All in all, people need to become more educated on what is happening to these people within our country; not only our country, but our province. The article states that Frances Lankin and Munir Sheikh are the lead team of the commission reviewing social assistance in Ontario. I hope that we see a change in the way those living with disabilities within Ontario are treated and that they get the help they need and deserve.
    Thanks, Jessica F.

  2. Belinda Hurley says:

    I just want to start off with saying this article is just increased evidence of the defeatist attitude our capitalist society puts forth on the poor, and is a prime example of some of the major flaws that need to be re-examined in our system today.
    Although H had several areas of concern, I’ll put focus on one in particular that stands out to me; and somewhat borders on a person’s human rights. I was very shocked to hear her explanation on the rules that are implicated if a person collecting Ontario Disability benefits decides to marry the partner they have long awaited. For our government to completely DISCOURAGE that positive time in a person’s life is simply unacceptable! It completely contradicts what our goal should be for that individual, society should hope that the disabled find some sort of peace and happiness in their complicated lives; so how does this rule fit? To discourage marriage is unethical, and allows our disabled population to remain in a pessimistic frame of mind; and all due to the negative consequences of that “once upon a time” happy moment in our lives called “marriage”.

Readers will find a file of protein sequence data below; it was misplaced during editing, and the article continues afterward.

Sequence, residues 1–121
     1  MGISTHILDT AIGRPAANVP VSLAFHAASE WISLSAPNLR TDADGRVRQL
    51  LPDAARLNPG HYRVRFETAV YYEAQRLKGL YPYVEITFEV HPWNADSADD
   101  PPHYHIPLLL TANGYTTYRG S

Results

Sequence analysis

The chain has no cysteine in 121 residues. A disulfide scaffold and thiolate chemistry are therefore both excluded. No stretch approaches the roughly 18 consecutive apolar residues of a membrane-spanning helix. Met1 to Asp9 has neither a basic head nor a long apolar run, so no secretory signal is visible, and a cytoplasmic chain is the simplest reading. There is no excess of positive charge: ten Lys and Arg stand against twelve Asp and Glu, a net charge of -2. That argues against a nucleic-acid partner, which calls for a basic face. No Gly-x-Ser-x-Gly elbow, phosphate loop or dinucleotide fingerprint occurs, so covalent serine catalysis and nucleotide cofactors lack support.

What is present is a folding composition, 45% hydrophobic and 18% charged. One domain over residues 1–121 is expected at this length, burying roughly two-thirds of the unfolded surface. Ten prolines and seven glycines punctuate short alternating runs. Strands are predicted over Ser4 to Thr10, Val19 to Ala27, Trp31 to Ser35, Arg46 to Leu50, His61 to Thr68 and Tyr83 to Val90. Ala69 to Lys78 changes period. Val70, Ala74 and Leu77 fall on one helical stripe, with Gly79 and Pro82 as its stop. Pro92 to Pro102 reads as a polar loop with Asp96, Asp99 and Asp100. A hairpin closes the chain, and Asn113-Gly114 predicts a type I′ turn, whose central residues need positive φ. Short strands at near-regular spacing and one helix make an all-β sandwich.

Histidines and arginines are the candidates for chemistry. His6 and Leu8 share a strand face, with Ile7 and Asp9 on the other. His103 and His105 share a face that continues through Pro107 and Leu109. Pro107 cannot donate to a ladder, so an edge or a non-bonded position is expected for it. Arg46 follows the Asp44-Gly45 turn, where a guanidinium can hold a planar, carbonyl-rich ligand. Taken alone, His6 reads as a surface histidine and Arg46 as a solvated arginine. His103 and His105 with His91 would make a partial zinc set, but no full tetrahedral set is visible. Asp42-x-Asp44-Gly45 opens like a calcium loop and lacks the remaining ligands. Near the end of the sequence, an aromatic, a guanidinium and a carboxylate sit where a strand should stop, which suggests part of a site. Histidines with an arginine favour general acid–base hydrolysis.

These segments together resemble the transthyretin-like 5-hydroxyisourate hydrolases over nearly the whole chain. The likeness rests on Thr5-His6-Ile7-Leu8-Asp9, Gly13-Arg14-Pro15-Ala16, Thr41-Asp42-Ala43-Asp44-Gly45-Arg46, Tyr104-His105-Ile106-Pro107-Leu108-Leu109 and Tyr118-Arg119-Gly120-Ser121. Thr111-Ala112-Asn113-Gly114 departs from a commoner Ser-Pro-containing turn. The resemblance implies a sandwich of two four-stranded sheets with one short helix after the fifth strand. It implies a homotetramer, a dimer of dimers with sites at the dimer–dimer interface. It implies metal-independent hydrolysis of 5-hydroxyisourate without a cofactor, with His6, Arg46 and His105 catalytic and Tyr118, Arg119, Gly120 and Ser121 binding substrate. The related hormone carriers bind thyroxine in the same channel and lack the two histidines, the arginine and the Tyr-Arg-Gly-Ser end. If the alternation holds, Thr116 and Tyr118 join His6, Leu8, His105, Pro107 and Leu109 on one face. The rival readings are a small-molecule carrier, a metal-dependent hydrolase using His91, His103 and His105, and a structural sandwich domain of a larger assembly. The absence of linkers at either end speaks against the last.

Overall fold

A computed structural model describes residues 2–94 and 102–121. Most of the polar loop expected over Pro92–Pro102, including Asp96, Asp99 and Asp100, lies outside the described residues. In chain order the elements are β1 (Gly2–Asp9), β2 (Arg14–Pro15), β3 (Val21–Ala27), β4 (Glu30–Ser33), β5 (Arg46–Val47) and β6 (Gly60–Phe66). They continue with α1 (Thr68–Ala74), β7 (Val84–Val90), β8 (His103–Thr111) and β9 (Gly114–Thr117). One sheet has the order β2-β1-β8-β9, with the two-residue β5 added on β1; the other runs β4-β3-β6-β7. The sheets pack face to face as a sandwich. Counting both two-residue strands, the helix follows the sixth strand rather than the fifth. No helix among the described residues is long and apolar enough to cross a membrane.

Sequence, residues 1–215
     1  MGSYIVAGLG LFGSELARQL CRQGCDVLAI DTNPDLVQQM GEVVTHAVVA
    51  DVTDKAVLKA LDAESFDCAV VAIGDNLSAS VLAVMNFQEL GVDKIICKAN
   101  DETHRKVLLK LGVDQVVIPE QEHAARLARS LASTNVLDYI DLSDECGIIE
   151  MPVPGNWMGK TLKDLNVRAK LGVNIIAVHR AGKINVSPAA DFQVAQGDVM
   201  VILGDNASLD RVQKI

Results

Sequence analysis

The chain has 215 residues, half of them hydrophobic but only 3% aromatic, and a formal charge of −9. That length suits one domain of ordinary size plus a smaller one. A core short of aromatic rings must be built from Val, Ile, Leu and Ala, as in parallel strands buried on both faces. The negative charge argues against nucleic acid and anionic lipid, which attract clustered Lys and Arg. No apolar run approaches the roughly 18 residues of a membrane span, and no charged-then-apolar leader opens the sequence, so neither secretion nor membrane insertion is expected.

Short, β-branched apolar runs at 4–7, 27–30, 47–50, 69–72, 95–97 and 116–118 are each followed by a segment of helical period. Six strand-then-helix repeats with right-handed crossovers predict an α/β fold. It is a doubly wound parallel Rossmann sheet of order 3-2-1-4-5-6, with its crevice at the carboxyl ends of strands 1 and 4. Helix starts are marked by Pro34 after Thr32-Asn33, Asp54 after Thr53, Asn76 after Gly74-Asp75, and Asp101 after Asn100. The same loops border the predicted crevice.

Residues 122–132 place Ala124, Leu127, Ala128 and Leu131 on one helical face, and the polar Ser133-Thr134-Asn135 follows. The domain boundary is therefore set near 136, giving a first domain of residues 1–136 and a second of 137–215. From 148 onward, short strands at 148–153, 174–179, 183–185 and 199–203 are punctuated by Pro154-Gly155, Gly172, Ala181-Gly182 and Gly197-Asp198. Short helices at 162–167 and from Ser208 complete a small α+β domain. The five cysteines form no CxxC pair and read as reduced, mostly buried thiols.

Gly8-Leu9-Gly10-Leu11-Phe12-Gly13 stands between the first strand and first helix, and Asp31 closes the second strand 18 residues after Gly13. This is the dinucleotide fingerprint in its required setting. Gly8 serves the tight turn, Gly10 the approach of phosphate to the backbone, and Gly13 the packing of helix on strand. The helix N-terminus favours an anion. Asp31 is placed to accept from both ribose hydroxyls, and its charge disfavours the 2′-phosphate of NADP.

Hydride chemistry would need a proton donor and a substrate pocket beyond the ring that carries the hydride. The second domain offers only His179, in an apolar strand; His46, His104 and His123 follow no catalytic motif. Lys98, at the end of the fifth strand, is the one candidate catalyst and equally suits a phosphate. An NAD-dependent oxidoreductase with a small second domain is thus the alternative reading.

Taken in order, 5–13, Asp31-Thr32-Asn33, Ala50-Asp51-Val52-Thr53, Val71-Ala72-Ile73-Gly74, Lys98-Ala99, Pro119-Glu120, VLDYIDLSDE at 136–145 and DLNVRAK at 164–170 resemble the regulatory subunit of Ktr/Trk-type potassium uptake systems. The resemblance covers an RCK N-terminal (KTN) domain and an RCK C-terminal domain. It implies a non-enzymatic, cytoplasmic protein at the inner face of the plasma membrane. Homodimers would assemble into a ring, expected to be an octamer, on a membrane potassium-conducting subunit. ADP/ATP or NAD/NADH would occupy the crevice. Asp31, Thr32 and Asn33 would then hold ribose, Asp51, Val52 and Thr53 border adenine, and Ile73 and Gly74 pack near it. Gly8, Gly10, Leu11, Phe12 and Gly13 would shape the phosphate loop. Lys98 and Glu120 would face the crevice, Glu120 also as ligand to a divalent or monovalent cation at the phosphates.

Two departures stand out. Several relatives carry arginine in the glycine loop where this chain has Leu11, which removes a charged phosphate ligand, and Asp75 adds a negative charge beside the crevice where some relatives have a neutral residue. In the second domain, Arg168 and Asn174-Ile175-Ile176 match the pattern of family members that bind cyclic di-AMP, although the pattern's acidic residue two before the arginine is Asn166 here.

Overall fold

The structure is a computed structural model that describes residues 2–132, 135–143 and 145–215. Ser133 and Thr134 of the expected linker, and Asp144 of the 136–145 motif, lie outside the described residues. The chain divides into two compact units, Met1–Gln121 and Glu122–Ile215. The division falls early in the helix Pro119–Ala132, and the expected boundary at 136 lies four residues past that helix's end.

Another area of the marriage component which needs to seriously be reviewed is when the marriage involves both parties being on disability. How is it calculated that this couple keep $150 extra? Is that the average cost of food allowance and medical-related expenses for one person per month? With the increase on the cost of food lately, that is not a realistic allowance. These are truly tragic consequences for two people to be punished for, for the simple reason they love each other and have committed to that under the sacred vows of marriage.
    The issues given in this article have absolutely confirmed that our current system is encouraging the oppressive conditions that our poor have to struggle to overcome, and the very disheartening reality is that they have very little to be optimistic about.
    Just what will it take for society, including our government since they are also citizens of society, to make more ethical decisions?

    Concerned citizen,